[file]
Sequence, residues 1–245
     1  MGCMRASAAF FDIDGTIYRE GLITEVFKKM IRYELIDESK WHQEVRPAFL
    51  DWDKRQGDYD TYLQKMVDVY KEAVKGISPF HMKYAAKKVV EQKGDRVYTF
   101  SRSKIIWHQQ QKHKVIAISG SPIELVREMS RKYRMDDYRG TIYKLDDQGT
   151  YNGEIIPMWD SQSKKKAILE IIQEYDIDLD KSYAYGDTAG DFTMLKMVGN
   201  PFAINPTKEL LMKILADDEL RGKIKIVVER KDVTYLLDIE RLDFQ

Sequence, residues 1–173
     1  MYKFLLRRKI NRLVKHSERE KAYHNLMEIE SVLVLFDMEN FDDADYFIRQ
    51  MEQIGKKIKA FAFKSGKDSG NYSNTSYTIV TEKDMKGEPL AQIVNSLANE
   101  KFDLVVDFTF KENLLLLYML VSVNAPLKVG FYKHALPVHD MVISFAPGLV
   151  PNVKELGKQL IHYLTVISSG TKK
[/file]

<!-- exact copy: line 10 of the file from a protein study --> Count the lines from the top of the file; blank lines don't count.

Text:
   101  KFDLVVDFTF KENLLLLYML VSVNAPLKVG FYKHALPVHD MVISFAPGLV